PRESERVATION, Jesse Rice-Evans

Preservation
by Jesse Rice-Evans

My arms spread eagle,
I flake and scatter with the wind—
draw lines between our skin.
I could have done so much worse,
bird in a ship, clamoring

I scrapbook every ribbon, every scrape
where you latched on and dragged down,
each finger a hook of want,
hips pillowing through spread knuckles—

I am never less alone
than when you fold my arms into ropes,
knot me like a sail, ride me
like a nightmare, sweat dewing my hairline,
window a smear of fog,
Taurus moon idling above.

If there was a way to keep my marks,
permanent stripes of longing, I would
brand your fingerprints on my shoulders,
bloom of flesh between my legs,
each small wound tended to, a fire dim
but smoldering.

If there isn’t a conduit nearby, you
sure fooled me. I am a broken dam,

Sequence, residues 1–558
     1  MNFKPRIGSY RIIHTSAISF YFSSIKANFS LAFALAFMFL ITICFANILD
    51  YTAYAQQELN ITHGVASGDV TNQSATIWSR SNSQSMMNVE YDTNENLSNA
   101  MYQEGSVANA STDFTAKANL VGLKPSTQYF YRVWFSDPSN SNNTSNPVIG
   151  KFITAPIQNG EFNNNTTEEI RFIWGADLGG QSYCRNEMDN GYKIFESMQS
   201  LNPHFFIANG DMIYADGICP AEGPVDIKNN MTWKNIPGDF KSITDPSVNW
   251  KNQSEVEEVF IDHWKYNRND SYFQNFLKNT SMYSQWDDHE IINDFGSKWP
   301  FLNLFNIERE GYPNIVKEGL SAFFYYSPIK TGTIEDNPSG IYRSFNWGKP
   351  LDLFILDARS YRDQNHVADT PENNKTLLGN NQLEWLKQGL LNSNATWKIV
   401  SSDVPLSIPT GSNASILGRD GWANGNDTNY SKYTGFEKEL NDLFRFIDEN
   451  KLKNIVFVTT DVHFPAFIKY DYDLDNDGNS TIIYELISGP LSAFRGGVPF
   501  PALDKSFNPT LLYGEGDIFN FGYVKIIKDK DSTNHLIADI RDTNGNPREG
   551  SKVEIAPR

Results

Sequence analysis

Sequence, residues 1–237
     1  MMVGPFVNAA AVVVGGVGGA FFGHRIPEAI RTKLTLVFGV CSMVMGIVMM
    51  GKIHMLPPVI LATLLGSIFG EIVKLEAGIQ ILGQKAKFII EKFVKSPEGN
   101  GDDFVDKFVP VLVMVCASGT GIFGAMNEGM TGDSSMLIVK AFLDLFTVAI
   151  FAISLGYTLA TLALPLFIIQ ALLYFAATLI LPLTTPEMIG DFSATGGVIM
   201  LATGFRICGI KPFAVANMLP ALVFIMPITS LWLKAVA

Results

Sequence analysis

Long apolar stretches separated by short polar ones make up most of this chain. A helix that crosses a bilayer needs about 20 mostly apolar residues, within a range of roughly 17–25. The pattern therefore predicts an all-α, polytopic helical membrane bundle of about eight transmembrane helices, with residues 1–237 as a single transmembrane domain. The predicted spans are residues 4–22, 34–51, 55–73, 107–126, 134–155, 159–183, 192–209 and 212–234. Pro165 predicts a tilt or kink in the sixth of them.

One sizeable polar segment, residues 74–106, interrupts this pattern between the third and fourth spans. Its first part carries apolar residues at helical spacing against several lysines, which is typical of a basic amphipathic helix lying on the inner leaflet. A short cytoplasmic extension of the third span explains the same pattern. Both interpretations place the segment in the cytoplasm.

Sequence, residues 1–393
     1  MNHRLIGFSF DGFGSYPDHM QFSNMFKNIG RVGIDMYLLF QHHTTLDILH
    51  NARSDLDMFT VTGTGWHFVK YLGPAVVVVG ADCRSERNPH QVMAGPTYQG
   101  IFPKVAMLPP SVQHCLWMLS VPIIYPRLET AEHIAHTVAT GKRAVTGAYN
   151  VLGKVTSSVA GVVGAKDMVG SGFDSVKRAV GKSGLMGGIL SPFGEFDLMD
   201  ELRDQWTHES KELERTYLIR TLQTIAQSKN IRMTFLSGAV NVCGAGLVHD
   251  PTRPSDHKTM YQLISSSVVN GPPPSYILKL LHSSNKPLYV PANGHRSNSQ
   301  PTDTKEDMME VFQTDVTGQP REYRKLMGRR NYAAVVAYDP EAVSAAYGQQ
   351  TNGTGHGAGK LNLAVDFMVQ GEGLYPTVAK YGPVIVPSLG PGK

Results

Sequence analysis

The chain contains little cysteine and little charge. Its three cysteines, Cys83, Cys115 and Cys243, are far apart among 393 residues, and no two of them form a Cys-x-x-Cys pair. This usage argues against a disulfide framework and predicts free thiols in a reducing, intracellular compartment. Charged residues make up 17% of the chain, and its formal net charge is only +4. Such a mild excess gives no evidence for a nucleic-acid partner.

flooded creek raked over by boots
and oak leaves, tomboy in warm colors.

I swallow mothballs, seeking preservation.

You try on clothes, tie my tie
badly.

I have never wanted to be someone else so much.

You find me in the foyer pocketing candy. If I beg for your hands on me, it’s because I am cold to the touch, brimming with impatience, floral scarf.

Tell me I will recognize myself outside of your clothes. Tell me to look closer, ask me for a secret, a scary story. Ask me to take off the blazer, curl up behind you, ask me to stay. Without you, I am a boat unmoored, salt flaking paint. Anchor me with your long legs.

Profile photo of barkingsycamores
About barkingsycamores 129 Articles
Barking Sycamores is a literary journal entirely edited and operated by queer neurodivergent people of color. We publish poetry, artwork, short fiction (beginning with Issue 3), creative nonfiction (beginning with Issue 8), and hybrid genre work (beginning with Issue 9) by emerging and established neurodivergent writers as well as essays on neurodiversity and literature and book reviews (beginning with Issue 10).

Be the first to comment

Leave a Reply

Your email address will not be published.


*